of Taq polymerase were added to a 50 ␮L reaction (20
mM Tris-HCl, pH 8.4, 50 mM KCl, 2 mM MgCl2, 500
␮M dNTP). Amplification was carried out for 30 cycles
(30 sec at 94°C; 30 sec at 57°C; 30 sec at 72°C). Allelespecific PCR was performed in a 50-␮L reaction volume
containing 5 ␮L of first- or second-round PCR products,
20 mM Tris-HCl, pH 8.4, 50 mM KCl, 1.5 mM MgCl2,
200 ␮M dNTP, 1 unit of Taq polymerase, 15 pM reverse
primer 5R, and 15 pM of an allele-specific primer, either
IDS9C or IDS10T. Seven cycles were carried out (30 sec
at 94°C; 30 sec at 61°C; 30 sec at 72°C). A 15-␮L aliquot
of products was analyzed on a 1.5% agarose gel with 0.5
␮g/mL ethidium bromide.
Detection of Polymorphisms by LDR
The LDR assay for the IDS polymorphism was performed as described (33,34) with modifications. The
common ligation partner IDS11 was labeled with [␥-32P]
(ICN Pharmaceuticals, Irvine, CA) at the 5⬘ end by T4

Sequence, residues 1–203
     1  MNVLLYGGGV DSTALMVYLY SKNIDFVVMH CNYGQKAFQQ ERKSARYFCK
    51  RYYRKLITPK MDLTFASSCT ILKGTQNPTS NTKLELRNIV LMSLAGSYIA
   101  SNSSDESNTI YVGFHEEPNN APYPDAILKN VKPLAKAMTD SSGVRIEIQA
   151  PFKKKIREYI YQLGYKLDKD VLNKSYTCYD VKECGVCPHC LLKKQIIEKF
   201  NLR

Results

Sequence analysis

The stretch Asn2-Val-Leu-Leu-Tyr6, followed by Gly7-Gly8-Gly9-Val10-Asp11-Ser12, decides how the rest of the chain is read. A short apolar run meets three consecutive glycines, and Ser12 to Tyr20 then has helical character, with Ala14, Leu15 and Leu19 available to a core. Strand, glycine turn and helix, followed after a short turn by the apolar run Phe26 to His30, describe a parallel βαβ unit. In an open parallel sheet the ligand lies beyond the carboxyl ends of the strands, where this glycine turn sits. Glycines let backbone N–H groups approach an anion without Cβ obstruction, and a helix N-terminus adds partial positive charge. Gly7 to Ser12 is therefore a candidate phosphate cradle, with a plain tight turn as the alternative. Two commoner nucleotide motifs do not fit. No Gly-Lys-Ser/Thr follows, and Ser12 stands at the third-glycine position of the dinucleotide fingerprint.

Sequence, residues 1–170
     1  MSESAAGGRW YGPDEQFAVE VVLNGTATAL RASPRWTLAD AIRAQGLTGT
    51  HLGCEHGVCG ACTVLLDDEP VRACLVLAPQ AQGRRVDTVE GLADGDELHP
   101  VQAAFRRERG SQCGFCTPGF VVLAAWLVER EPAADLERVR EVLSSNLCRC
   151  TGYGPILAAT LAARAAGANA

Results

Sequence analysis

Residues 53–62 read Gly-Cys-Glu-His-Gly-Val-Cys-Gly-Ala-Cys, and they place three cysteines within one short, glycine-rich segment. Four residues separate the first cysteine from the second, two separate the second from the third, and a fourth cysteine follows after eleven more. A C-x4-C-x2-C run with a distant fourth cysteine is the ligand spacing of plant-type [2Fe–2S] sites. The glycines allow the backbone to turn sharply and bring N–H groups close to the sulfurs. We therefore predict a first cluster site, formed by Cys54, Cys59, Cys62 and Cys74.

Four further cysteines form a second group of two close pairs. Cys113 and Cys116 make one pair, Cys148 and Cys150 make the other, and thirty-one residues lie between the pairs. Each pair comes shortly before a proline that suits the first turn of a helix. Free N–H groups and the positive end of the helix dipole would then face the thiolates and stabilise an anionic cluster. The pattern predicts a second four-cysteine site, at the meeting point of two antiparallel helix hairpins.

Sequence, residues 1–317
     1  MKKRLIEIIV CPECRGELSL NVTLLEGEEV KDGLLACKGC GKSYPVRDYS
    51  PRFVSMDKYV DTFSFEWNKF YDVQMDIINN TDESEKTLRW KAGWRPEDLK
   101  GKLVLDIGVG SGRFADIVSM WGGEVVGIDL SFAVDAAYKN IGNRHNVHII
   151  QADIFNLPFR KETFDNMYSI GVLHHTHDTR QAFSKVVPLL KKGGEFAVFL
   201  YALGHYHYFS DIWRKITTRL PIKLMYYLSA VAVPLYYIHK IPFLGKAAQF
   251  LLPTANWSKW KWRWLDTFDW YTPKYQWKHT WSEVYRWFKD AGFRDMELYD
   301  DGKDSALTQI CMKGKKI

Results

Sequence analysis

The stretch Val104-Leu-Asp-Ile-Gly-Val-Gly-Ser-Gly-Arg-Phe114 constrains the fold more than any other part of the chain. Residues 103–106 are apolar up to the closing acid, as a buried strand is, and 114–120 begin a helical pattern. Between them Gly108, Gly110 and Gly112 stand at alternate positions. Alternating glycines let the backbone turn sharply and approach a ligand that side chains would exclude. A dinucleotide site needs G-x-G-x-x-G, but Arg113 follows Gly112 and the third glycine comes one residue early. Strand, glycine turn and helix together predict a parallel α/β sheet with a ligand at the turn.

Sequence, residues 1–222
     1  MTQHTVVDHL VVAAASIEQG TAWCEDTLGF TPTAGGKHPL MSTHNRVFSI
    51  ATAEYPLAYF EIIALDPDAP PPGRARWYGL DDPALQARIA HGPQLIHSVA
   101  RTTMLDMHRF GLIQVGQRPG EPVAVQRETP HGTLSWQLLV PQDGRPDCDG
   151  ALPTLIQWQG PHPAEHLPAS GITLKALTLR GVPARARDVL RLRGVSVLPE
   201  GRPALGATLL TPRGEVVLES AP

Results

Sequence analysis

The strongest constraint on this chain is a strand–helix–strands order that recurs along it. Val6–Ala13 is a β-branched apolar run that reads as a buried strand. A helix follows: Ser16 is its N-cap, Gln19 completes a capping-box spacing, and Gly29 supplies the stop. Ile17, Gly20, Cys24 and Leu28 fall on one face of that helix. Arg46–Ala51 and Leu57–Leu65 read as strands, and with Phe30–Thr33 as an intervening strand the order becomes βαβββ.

polynucleotide kinase (USB, Cleveland, OH) using the
manufacturer’s recommended conditions. Cloned thermostable ligase (a kind gift of Dr. Barany, Cornell University Medical College, NY) was diluted in buffer containing 10 mM Tris-HCl, pH 8.0, 50% glycerol, 0.5 mM
EDTA, 1 mM dithiothreitol, 100 ␮g bovine serum albumin, and 0.1% Triton X-100. In the LDR reaction, 4 ␮L
of the first-round PCR reaction was used as template in
a 10-␮L reaction volume (20 mM Tris-HCl, pH 7.6, 100
mM KCl, 10 mM MgCl2, 1 mM EDTA, 1 mM NAD+, 10
Gregg et al.
TABLE II. Frequency of IDS Polymorphism
(n ⳱ 82)
(n ⳱ 31)
(n ⳱ 34)
32 (39%)
12 (15%)
38 (46%)
16 (52%)
3 (10%)
12 (39%)
34 (100%)
0 (0%)
0 (0%)
mM dithiothreitol) with 20 units of cloned thermostable
ligase, 360 ␮M each of allele specific primers IDS9C and
IDS10T, and 180 ␮M of the adjacent common ligation
partner. Denaturing for 1 min at 94°C and ligation for 4